The Body-Data Craze, the Hype Cycle and Why It Matters

Jul 3, 2013, 11:15 AM, Posted by Steve Downs

Visualizations of health data at Calit2 Health data visualization at Calit2. Photo courtesy of Calit2

On my way out to visit the Calit2 team that is running the Health Data Exploration project (sponsored by the Robert Wood Johnson Foundation’s Pioneer Portfolio), I read Alissa Quart's excellent piece in Newsweek about the Quantified Self (QS) movement and health. The article covers many of the possible benefits as well as the downsides of self-tracking.

As Quart acknowledges, she also focuses quite a bit on the edge cases, the extreme QSers, painting a picture that can seem a little ridiculous. It’s inevitable; whenever a new technology emerges, a subset of early adopters takes it to the extreme, making the technology and its applications easy for us to mock (see "glasshole").

But, according to the Gartner Hype Cycle, as a technology generates more excitement and attention—on the upward slope of the curve—it starts to draw more important critical attention. And it's at that point that more experimentation occurs and more people engage in the discussion, and start to discover what a technology is good for, what it doesn't do well, and importantly, the diversity of user relationships with that technology. (Different people will use the technology differently and with varying frequency and intensity.) As this more nuanced—and compelling—understanding develops, the technology recovers from the “trough of disillusionment” and begins to climb the “slope of enlightenment,” which is hopefully where we are heading with QS.

Quart's article profiled a number of people for whom QS is a way of life, maybe even an addiction and asks a great question: "What happens to who we are when we can’t stop ourselves from counting on our endless digital abacuses?" But what if QS can be seen less as a habit and more as a skill that one can pull out when the situation calls for it: when one seeks insight about one's health and all the variables that influence it; when one seeks to monitor the effect of a change in habit; or when one wants to hold oneself to one's intentions? One doesn't need to go to the extremes that Quart profiles.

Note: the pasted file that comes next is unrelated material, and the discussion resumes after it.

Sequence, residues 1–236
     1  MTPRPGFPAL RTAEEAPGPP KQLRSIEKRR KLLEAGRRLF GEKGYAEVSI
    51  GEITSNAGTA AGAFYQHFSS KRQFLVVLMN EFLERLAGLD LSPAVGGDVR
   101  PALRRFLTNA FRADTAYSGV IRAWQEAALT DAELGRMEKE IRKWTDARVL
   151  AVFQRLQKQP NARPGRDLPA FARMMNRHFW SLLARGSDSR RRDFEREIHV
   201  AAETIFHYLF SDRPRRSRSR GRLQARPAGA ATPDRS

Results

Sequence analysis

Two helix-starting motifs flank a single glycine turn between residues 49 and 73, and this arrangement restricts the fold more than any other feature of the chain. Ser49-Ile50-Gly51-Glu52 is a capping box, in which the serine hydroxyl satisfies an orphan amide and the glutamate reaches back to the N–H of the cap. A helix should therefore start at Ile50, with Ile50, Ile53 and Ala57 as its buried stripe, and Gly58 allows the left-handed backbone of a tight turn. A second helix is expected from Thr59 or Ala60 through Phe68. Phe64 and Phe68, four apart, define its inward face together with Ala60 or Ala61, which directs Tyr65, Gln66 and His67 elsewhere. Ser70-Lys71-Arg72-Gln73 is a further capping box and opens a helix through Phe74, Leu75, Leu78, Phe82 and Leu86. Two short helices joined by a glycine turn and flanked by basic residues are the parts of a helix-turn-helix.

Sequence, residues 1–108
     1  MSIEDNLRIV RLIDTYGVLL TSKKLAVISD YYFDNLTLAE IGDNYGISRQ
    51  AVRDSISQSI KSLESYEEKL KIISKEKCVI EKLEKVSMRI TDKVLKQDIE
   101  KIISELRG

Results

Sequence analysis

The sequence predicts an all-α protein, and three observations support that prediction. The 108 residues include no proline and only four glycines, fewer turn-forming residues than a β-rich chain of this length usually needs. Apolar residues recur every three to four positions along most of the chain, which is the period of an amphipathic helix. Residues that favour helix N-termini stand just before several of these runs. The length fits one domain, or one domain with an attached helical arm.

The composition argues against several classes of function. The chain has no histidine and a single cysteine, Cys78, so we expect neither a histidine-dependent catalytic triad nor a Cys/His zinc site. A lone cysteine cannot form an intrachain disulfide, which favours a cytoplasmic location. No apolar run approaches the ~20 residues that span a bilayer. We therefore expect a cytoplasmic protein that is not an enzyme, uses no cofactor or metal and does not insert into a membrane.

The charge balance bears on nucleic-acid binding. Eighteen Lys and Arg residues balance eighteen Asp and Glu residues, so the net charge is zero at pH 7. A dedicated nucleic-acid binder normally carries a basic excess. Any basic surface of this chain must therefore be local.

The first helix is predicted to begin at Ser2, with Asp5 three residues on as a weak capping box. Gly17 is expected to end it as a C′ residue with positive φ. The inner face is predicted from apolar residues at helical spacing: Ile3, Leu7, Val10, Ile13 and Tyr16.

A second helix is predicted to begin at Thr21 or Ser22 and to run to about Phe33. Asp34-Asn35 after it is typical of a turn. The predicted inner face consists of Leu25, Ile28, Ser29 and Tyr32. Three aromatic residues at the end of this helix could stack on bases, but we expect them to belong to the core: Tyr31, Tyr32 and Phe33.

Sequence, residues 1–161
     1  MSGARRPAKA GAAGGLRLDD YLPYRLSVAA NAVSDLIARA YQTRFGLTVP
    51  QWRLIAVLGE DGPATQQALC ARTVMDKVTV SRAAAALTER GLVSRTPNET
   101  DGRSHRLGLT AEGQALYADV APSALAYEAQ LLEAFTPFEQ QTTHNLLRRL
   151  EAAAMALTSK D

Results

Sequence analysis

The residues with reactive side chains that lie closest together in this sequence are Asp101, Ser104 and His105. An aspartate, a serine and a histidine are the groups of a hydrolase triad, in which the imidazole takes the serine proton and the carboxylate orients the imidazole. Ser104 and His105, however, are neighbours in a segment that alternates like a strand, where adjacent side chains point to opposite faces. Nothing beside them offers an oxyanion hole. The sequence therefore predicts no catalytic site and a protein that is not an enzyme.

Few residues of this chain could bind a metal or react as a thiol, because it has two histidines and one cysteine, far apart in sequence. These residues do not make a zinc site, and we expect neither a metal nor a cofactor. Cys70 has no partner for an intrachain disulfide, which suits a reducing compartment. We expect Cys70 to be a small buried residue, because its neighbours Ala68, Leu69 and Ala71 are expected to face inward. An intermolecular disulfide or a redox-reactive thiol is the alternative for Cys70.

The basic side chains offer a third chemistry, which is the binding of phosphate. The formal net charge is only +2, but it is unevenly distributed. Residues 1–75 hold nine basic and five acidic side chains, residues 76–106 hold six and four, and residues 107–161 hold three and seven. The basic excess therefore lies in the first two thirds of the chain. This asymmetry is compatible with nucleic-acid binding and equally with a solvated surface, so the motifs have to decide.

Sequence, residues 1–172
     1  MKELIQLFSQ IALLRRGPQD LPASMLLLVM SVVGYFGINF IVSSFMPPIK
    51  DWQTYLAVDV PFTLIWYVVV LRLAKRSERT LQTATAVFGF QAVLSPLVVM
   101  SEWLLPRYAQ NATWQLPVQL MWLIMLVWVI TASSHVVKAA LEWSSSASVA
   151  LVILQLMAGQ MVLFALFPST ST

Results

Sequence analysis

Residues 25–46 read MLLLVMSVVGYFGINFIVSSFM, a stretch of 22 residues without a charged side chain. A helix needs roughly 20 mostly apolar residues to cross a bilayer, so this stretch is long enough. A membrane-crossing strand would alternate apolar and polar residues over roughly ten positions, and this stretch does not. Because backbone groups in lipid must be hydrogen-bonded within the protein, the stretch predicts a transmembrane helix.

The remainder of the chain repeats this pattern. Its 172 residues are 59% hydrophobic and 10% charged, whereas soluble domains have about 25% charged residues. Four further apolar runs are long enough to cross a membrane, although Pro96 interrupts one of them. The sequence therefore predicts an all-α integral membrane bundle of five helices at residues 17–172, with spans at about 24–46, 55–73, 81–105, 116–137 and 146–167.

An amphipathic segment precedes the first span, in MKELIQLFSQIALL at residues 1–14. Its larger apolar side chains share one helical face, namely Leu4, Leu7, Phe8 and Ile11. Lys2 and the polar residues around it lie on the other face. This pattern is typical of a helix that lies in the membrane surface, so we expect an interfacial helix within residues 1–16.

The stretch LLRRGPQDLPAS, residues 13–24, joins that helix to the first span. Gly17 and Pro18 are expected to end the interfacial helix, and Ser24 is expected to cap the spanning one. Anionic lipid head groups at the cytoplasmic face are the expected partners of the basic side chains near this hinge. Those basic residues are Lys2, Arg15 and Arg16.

Of course, having said that, after visiting Calit2 and seeing Jerry Sheehan's jaw-dropping presentation of Larry Smarr’s extreme self-tracking work, I can better appreciate how important it is that we have those who DO go to the extreme, for the lengths they go can benefit us all.

The story of Larry Smarr (the director of Calit2) and his tracking of hundreds of biomarkers, his symptoms and the bacteria populations in his gut has been well described (his recent TEDMED talk is a great overview), but seeing the visualizations his team created to make sense of all of the test and observational data is a powerful experience. Smarr's journey of discovery, to seek an understanding of how his symptoms (he has a form of Crohn's disease) relate to his biomarkers and the prevalence of different bacteria shows how important an individual quest can be. The analysis generates new questions and hypotheses about why different biomarkers can presage difficult episodes and how varying concentrations of certain bacteria are associated with different forms of inflammatory bowel disease. In short, the quest highlights the insufficiency of medicine's understanding of this type of disease and offers clues that can lead to better understanding— the whole point of the Health Data Exploration project.

Each individual who tracks her fitness, her sleep or any of the many variables Quart profiled in her article, can gain insight about herself. But imagine how much insight we could gain if scientists could look at the aggregate data of millions of individuals? Imagine if everyone with Crohn's or ulcerative colitis could track all that Larry Smarr has recorded. Think about how much more we would know about those diseases.